From devastating hurricanes and wildfires to sea-level rise and extreme heatwaves, Earth is confronting the effects of climate change like never before. Constructing homes, commercial buildings and community spaces in ways that do not further contribute to the growing global problem poses a special challenge for those charged with designing living, working and recreational spaces.
The FIU School of Architecture is tackling the world’s most pressing concerns head-on by training the next generation of skilled, creative and committed architects who understand what is at stake.
The building process – which relies heavily on manufactured materials as well as energy-intensive machinery – generates nearly 40% of global carbon dioxide emissions, which drives climate change. Additionally, up to 70% of the world’s total waste comes directly from construction activity and, more so, building demolition, further adding to the planet’s increasingly dangerous levels of greenhouse gases.
“The repercussions are tremendous,” says Marilys Nepomechie, associate dean of faculty and program development at the College of Communication, Architecture + The Arts (CARTA) and a distinguished university professor of architecture. “This is the context in which our students are going to be working when they enter our profession. This is our future. Being able to work wisely with this understanding and to manage it well are critical for our ability to move forward as a people, not just as a city or region, but as a global community.”
The nonprofit Architecture 2030, on which Nepomechie served as a task force member, some 16 years ago laid out the ambitious goal of universal carbon-neutral construction by the end of the current decade. The American Institute of Architects (AIA) responded by challenging architecture firms to commit to net-zero emissions, and more than 1,000 firms have pledged their support.
IN THE CLASSROOM
FIU professors are doing their part by encouraging the rising generation to embrace sustainability. The faculty number international scholars and licensed architects who maintain their own practices, conduct research – often with funding from the likes of the National Science Foundation and U.S. Department of Energy – and work across the globe on a variety of projects in the resilient/sustainable design space.
These experts teach aspiring professionals the principles that will continue to guide the industry moving forward, Nepomechie says. “We arm our students with amazing research and critical thinking skills. We also teach students how to visualize the future, using artificial intelligence, virtual reality and augmented reality to envision and rethink what’s possible.”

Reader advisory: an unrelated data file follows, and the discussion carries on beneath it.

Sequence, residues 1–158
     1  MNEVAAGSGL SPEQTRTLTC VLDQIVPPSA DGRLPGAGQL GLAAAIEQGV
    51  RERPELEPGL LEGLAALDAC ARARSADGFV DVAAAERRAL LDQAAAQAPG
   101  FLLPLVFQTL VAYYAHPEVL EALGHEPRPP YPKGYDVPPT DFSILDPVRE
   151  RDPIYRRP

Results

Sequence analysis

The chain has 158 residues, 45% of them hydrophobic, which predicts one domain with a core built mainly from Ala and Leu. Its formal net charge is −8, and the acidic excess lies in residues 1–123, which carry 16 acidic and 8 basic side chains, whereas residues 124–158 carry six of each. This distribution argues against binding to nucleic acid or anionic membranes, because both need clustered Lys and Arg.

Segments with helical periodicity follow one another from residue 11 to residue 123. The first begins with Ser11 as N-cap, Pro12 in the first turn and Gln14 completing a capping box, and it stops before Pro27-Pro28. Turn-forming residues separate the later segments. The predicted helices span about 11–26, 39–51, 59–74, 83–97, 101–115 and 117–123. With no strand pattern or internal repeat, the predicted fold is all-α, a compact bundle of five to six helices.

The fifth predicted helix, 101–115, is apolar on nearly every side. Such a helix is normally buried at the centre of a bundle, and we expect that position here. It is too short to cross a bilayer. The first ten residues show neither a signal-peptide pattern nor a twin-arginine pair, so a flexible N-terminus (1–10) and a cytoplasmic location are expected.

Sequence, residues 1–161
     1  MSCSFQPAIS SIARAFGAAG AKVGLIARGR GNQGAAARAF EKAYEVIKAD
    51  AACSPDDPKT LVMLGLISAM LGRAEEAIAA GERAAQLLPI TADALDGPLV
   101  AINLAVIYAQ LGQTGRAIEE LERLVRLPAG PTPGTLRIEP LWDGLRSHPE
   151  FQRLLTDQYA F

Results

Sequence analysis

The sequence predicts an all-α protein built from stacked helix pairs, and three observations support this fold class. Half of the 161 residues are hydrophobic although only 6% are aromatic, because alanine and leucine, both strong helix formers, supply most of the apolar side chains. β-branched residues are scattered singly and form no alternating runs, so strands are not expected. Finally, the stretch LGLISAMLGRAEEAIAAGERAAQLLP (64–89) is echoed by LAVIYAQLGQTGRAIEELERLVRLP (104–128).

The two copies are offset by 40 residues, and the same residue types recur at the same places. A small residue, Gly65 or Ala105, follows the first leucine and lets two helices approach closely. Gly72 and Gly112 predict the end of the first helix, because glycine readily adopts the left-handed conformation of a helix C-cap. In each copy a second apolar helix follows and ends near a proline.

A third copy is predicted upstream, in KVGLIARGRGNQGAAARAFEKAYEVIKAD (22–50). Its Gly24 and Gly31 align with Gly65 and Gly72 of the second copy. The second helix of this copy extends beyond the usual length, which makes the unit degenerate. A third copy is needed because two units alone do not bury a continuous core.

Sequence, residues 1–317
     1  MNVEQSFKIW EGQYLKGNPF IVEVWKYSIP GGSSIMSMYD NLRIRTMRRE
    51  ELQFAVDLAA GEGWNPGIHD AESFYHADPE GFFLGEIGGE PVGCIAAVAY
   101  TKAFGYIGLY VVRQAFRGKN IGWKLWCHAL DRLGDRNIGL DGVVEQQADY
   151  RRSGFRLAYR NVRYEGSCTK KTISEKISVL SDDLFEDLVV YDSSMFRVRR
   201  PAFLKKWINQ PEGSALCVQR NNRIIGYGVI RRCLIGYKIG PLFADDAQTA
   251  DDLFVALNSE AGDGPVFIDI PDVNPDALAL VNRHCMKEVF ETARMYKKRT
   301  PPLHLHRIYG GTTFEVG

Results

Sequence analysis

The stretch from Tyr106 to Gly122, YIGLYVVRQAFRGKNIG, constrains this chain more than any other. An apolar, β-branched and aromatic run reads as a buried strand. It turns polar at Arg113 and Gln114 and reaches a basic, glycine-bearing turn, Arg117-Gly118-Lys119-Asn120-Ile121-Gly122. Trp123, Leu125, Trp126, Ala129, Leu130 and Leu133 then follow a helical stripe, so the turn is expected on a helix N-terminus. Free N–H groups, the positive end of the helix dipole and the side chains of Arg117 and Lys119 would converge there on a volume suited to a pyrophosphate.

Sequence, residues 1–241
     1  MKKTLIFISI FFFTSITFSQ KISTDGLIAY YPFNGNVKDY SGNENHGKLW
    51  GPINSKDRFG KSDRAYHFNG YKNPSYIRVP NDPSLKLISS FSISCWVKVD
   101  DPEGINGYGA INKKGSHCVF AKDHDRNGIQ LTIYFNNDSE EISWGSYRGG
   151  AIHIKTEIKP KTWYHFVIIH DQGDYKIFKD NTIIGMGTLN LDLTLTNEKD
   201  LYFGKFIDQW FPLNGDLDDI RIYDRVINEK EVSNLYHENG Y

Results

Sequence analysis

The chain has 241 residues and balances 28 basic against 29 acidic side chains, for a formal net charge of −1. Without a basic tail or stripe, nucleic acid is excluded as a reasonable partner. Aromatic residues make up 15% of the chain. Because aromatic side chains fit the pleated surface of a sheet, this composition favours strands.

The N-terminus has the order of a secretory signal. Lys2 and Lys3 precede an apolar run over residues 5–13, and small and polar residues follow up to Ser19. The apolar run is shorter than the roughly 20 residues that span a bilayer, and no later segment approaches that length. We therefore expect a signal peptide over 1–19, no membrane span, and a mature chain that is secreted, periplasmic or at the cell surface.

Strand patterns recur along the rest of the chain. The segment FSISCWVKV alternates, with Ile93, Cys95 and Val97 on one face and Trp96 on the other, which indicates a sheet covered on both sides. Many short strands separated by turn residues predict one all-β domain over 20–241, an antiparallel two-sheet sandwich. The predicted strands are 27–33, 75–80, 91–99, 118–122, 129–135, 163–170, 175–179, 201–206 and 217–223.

Professor Claudia Busch, for example, tasked students with creating a sustainable, affordable and customizable home design for replication in low-income areas. Students researched and analyzed the use of 3D printing, a fabrication method that many in the industry view as the future of affordable housing. Busch, the co-founder of her own architecture firm, invited clients, developers and industry experts to speak with students and provide feedback.
“The projects the students came up with are real-life,” Busch says. “I told them, ‘You are doing something that has meaning.’ We are addressing the future.”
FIU's 25-year-old school of architecture is a Top 20 public architecture school as determined by QS World University Rankings.
The experience made an impression on graduate student Lila Coffey. “It was eye-opening,” she says. “We were looking at these lofty goals of sustainability and affordability. It made me realize this is possible. It made me feel excited about the future of architecture.”
Coffey teamed up with fellow grad student Manuela Farnot to design a series of sustainability-focused 3D-printed “shells,” that theoretical clients could choose to incorporate into their homes, each specific to filling a particular need: producing alternative energy, with solar panels and other features incorporated to leverage renewable sources; maximizing capacity for growing vegetables, with support for an exterior vertical garden; and utilizing rainwater for laundering clothes and flushing toilets, with pipes fitted specifically to such purposes.
“The idea was to create an example for communities of how structures like this can be built quickly and affordably,” Farnot says. “The goal was to create homes of the future.”
GRADUATES LEADING THE WAY
Alumni are already ushering in that future. Ana Benatuil M.Arch. ’13, senior project architect and one of eight FIU graduates who work in the Miami office of global firm Gensler, has made the issue of designing for long-term sea-level rise front and center.
She and colleagues secured funding for a project that included working with Nepomechie’s graduate students to create recommendations around challenges facing coastal communities. The resulting published report, “Urban Strategies for Coastal Resilience,” served as the basis for an exhibition at the Miami Center for Architecture and Design.
Benatuil says her education at FIU and the completion (under Nepomechie’s mentorship) of an AIA-award-winning master’s thesis — which examines the impact of sea-level rise on Miami’s architectural landscape — were critical to her evolution as a rising leader in the push to reduce negative impacts on the environment.
“The project I did at FIU took on a life of its own,” she says of its wide interest and potential impact. “FIU introduced me to these topics as a student. If it weren’t for that, I wouldn’t be where I am today.”
And with the architects of tomorrow now learning from those on the front lines, things can only look up.